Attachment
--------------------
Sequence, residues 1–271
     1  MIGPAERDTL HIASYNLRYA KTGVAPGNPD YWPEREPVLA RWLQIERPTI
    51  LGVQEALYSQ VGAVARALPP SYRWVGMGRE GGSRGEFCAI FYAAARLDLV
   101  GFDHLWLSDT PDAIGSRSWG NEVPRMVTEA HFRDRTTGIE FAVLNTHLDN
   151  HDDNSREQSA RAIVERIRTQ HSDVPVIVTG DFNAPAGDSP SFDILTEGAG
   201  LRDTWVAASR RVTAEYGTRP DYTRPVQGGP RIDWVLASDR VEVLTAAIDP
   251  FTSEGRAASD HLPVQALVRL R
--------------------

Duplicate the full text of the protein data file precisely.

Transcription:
Sequence, residues 1–271
     1  MIGPAERDTL HIASYNLRYA KTGVAPGNPD YWPEREPVLA RWLQIERPTI
    51  LGVQEALYSQ VGAVARALPP SYRWVGMGRE GGSRGEFCAI FYAAARLDLV
   101  GFDHLWLSDT PDAIGSRSWG NEVPRMVTEA HFRDRTTGIE FAVLNTHLDN
   151  HDDNSREQSA RAIVERIRTQ HSDVPVIVTG DFNAPAGDSP SFDILTEGAG
   201  LRDTWVAASR RVTAEYGTRP DYTRPVQGGP RIDWVLASDR VEVLTAAIDP
   251  FTSEGRAASD HLPVQALVRL R